Russell's paradox is a famous theorem in set theory. It asserts that "the collection of all sets is not a set itself". In the other words "the set of all sets doesn't exist" in the world which ZFC axiomatic system describes. Note that sets are the only legitimated objects in ZFC system. So in the ZFC point of view the collection of all sets is not an object in the realm of existence.
Russell's proof for this theorem uses the self-reference of the notion of "the set of all sets". Also I think this is a formal form of the famous discussion for non-existence of God which is a self-reference notion itself. For example according to the usual definition of God, he is an eternal immortal being with unlimited power to do everything. But he can annihilate itself by his unlimited power too so he is mortal, a contradiction. This fact shows one should restrict the properties of God in the definition in order to avoid self references and contradictions.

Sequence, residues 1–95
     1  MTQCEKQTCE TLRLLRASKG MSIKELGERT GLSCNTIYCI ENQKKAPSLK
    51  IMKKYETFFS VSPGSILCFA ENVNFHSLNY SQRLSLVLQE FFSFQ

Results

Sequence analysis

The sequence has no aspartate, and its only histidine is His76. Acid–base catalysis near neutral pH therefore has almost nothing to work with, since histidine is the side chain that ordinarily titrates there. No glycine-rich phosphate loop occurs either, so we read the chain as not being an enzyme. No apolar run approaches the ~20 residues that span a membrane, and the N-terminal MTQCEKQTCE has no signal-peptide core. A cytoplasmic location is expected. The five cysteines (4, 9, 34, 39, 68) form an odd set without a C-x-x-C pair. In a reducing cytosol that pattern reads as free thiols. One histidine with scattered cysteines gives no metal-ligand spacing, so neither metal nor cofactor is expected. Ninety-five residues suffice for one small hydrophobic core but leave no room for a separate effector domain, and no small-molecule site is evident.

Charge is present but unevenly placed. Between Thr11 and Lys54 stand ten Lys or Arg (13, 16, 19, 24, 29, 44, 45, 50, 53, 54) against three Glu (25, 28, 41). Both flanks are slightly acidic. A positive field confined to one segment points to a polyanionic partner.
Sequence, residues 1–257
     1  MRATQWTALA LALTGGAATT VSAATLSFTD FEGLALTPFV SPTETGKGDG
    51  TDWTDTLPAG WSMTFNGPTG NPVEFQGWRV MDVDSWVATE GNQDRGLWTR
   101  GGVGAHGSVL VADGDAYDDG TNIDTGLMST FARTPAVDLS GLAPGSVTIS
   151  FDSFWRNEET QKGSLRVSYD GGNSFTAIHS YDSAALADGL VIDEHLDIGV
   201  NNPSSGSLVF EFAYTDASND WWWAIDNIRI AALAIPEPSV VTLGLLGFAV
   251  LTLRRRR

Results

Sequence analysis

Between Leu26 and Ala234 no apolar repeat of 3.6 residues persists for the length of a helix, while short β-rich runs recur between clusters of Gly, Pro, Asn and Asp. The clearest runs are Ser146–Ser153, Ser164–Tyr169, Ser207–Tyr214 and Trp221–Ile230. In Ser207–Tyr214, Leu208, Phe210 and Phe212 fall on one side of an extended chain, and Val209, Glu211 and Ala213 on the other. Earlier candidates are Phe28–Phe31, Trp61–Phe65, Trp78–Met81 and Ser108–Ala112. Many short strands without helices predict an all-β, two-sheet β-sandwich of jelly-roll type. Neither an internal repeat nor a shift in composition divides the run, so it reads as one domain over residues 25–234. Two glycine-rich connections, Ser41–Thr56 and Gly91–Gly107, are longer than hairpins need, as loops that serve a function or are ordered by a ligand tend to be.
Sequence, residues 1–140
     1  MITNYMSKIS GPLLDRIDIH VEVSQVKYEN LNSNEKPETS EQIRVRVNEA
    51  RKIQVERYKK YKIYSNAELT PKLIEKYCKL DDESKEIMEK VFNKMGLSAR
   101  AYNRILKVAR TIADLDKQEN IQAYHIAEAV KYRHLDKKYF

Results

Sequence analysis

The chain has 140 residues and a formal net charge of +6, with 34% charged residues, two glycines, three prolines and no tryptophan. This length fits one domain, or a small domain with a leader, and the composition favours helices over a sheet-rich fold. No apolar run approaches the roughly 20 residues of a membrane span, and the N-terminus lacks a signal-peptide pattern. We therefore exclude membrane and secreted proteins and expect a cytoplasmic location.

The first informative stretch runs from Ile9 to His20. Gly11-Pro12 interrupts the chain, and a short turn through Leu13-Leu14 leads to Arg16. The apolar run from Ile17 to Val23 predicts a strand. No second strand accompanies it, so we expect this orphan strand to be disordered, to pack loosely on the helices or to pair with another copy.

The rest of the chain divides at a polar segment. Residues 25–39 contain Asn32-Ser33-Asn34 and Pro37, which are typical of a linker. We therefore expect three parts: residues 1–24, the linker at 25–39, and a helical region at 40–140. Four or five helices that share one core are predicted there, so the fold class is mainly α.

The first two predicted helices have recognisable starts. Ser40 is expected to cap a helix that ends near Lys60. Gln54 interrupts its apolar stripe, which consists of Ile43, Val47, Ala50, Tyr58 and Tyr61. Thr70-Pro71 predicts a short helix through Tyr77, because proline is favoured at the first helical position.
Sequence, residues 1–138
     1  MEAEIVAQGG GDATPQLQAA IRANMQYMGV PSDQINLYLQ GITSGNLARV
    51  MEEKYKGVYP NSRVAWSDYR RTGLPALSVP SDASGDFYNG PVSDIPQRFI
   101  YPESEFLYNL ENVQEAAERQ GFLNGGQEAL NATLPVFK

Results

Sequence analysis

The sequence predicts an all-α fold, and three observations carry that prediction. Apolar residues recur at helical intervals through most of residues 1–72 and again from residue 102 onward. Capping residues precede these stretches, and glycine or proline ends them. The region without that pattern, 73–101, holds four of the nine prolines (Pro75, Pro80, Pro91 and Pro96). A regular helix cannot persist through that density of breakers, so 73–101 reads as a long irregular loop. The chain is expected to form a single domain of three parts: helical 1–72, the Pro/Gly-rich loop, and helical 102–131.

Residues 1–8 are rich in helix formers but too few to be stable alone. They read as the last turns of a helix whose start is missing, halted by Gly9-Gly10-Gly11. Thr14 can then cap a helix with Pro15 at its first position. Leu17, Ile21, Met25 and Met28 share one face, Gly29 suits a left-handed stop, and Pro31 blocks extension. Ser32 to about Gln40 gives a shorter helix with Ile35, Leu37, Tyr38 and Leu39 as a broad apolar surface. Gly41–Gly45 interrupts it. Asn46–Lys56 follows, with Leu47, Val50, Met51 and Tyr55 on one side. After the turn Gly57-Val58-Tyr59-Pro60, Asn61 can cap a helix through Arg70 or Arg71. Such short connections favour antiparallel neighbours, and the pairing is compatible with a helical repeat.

Question 1: Did Russell mention the above correspondence between the problem of existence of the set of all sets in set theory universe and the problem of existence of God in the real universe in his works explicitly or implicitly?
Question 2: What are the philosophical impacts of Russell's paradox as a theorem of set theory on the problem of existence of God in theology?